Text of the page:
OK, so not forever. :P
Donna loves tug. It’s probably hard-coded into her DNA.
She does it all on her on. Even more than she retrieves!
Dogs are predators and scavengers. They need an outlet for exercising their instincts. The predatory sequence is eye, stalk, chase, grab/shake, and beyond that kill, eat. The game of tug-of-war keeps the sequence at bay, trained properly, to grab/shake. It is a satisfying experience for the dog and can be a very good training tool. A healthy outlet for natural prey instincts is to understand that the key is to play the game with rules. – why dogs like to play tug of war
We have been told not to play tug with her before or at least to always make sure we win if we do.
The first video doesn’t show it but after some months, we found that it doesn’t really matter who wins. And honestly, I would have some issues with the dog’s intelligence if she were to persist to want to keep playing a game that she was bound to lose. I wouldn’t want to be the losing side all the time!
Give it up, human!
So now and then, we do let her win :P And interestingly enough, there was a couple of times where she would run willy nilly to her crate with her toy, before peeking at us to see if we follow. And when it looks like we’re ignoring her, she’ll bring the toy back. ;)
There are some things we do to make tug safe for dog and humans. That’s because even if Donna is not aggressive or protective over her toys (some dogs are, so tug may not be that great an idea just yet for them), there will be times when she gets too excited and accidentally nip or scratch the human.
1) Use a longer toy.
The longer it is the further your fingers can be from the dog’s teeth to prevent accidental nipping or biting. There will be times when Donna feels herself losing her grip on the toy and tries to adjust her grip on it to get a better hold of it. This is when she may accidentally bump her teeth to our fingers or hands.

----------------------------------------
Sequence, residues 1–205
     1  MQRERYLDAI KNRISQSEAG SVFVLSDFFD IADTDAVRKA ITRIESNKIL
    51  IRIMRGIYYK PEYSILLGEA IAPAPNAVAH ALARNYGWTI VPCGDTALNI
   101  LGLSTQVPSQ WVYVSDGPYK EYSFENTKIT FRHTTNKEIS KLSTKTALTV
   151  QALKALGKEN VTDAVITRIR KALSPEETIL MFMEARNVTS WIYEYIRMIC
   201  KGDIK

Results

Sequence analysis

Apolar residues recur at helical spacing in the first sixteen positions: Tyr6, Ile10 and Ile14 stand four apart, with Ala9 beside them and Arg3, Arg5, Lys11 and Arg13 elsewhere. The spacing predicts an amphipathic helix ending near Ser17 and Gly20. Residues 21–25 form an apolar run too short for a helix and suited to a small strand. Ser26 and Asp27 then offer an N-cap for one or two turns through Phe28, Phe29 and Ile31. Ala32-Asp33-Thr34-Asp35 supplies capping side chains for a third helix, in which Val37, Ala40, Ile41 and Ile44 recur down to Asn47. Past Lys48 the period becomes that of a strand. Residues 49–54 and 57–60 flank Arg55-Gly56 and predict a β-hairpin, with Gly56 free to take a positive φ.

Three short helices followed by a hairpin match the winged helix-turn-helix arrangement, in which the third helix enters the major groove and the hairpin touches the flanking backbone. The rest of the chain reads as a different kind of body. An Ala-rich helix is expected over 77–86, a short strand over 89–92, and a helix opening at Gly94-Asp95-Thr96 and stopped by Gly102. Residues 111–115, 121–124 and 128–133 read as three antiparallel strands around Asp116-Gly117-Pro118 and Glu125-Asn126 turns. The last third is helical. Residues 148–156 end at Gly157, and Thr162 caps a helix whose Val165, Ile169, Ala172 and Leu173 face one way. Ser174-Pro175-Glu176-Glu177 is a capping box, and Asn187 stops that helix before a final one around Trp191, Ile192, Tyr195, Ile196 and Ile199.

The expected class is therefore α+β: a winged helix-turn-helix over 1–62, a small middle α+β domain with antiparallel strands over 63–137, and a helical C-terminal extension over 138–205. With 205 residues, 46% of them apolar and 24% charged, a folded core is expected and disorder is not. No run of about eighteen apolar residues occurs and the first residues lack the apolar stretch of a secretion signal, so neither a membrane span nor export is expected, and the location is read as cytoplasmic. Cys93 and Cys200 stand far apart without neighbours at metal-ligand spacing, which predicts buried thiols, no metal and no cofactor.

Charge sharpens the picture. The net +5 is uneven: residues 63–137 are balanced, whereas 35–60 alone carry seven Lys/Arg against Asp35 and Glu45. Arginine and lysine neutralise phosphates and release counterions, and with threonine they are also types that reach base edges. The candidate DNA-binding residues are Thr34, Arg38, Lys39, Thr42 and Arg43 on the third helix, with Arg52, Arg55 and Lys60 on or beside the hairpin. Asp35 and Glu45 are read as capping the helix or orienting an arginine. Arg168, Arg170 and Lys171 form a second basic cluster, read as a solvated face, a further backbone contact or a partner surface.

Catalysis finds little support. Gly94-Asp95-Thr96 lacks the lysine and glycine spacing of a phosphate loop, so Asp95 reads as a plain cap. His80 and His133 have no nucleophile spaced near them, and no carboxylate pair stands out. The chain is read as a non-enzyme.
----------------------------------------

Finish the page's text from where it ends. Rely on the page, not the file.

This toy may be a little short.
2) Training that teeth and skin contact ends the game
When Donna gets excited, she may try to snap at the toy to get it, particularly if it dangles enticingly just within reach. That of course means danger for human fingers to some extent. Stop play when dog gets too rough so dog learns that she gets to play when she plays nicely
Another entirely too short toy when she grabs it by the middle. Watch out for those teeth!
3) Teach “drop it”
Particularly for Mr P’s case where tug becomes a rousing game, Donna can get over-excited. Being able to get the dog to drop the toy on cue means that we can go into time outs easier and let Donna regain calmness before she accidentally hurts us from being over enthusiastic in play.
Some dogs play growl when they are having fun at tug, but not Donna. She does however reserve the odd snort now and then. I don’t know for what but I imagine its to express disgust at the unfair advantage we have over her in the game :P
…(you) don’t want to lift the dog off the ground by the tug because it could hyper-extend their neck and possibly cause an injury. Try to mimic a dog when playing tug – they pull side to side or straight back. Their necks are built to have tremendous power from side to side, but not up and down. When dogs tug with other dogs you will never see one jerk or bounce the other up and down. – Should I play tug with my dog
– Why dogs like to play tug of war
– Should I play tug with my dog?
– To tug or not to tug
– Dog-training tip video – tugging with your dog
– Rules for Playing Tug with your Dog
– How police dogs work
– The right way to play tug with your dog